Postnatal radiologic evaluation of a newborn with antenatal hydronephrosis begins with an ultrasonography examination. The timing of ultrasonography and the need for other studies depend on the severity of postnatal hydronephrosis and whether there is bilateral involvement or an affected solitary kidney.

Ultrasonography of kidneys and bladder should be performed in the postnatal period on affected infants. The timing of the study depends on the severity of the antenatal hydronephrosis. In general, examination should be avoided in the first 2 days after birth because hydronephrosis may not be detected because of extracellular fluid shifts that underestimate the degree of hydronephrosis. However, infants with bilateral hydronephrosis and those with a severe hydronephrotic solitary kidney require urgent evaluation on the first postnatal day because of the increased likelihood of significant disease and a possible need for early intervention. For unilateral hydronephrosis without antenatal bladder pathology, performing postnatal sonography 1-4 weeks after birth is recommended.

A voiding cystourethrography (VCUG) is performed to detect VUR and, in boys, to evaluate the posterior urethra. For this procedure, a urinary catheter is inserted into the bladder and contrast material is instilled. Fluoroscopic monitoring is performed while the bladder is filling and during voiding. Infants usually tolerate this procedure well. Although the duration of fluoroscopy is minimized, the gonads, especially the ovaries, are exposed to radiation.[17]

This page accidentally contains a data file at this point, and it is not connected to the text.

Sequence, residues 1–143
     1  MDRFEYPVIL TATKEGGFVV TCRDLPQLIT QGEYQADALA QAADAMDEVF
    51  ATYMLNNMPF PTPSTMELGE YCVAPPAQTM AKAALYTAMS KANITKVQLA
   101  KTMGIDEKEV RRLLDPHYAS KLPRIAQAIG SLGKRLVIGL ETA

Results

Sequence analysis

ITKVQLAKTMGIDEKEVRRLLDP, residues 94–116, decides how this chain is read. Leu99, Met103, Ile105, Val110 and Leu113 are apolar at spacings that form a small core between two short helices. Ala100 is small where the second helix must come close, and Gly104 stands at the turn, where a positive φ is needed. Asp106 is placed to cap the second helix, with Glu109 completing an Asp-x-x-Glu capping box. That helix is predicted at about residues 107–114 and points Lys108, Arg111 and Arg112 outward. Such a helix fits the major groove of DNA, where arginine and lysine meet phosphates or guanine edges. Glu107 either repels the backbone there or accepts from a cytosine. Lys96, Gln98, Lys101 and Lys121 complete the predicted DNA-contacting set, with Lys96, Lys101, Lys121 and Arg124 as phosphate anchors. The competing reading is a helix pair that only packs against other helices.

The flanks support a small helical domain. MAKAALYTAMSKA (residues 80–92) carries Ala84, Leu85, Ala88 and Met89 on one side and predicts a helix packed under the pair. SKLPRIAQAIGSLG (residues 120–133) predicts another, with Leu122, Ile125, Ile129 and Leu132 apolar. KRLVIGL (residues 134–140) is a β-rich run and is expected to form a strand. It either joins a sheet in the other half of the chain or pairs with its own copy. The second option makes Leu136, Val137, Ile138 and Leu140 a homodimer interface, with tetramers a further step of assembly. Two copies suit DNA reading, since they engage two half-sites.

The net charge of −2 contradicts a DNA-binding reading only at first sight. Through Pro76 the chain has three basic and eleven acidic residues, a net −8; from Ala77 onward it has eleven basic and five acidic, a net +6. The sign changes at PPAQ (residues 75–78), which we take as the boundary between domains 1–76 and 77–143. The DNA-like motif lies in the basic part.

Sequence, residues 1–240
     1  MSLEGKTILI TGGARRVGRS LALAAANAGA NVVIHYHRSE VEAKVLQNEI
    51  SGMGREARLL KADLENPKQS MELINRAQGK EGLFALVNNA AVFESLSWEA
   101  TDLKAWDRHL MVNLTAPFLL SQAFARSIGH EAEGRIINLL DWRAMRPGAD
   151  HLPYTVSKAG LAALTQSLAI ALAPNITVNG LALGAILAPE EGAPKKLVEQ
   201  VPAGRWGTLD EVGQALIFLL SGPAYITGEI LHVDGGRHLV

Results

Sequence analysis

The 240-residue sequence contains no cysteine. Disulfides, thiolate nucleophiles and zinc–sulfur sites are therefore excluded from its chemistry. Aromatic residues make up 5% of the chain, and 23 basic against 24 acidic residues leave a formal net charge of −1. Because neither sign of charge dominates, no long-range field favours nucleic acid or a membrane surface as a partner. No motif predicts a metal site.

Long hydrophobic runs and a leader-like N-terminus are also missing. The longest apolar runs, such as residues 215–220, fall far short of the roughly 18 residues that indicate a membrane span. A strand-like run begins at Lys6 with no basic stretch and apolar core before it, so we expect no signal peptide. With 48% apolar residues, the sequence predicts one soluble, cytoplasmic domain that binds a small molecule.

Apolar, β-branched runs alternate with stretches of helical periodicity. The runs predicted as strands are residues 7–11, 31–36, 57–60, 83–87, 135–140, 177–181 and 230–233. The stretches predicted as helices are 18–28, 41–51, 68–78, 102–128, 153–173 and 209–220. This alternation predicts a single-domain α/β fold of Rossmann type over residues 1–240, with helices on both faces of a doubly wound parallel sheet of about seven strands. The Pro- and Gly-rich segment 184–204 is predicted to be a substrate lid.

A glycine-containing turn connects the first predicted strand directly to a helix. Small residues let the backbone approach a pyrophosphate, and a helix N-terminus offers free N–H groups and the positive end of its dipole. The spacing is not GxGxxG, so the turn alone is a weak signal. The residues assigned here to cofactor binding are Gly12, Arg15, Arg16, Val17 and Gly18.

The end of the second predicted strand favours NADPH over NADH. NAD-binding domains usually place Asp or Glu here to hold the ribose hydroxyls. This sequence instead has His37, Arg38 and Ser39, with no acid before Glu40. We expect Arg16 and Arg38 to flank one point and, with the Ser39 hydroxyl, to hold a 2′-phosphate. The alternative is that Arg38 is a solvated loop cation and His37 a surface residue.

Diuretic renography is used to diagnose urinary tract obstruction in infants with persistent hydronephrosis and is usually ordered after a VCUG has demonstrated no vesicoureteral reflux.[18] It measures the drainage time from the renal pelvis and assesses total and individual kidney renal function. The test requires insertion of a bladder catheter to relieve any pressure that can be transmitted to the ureters and kidneys. Intravenous access is needed for hydration and the administration of the radioisotope and diuretic. The preferred radioisotope is technetium Tc 99m-mercaptoacetyltriglycine (Tc99mMAG3), which is taken up by the renal cortex, filtered across the glomerular basement membrane to the renal tubules, and excreted into the renal pelvis and urinary tract.[19]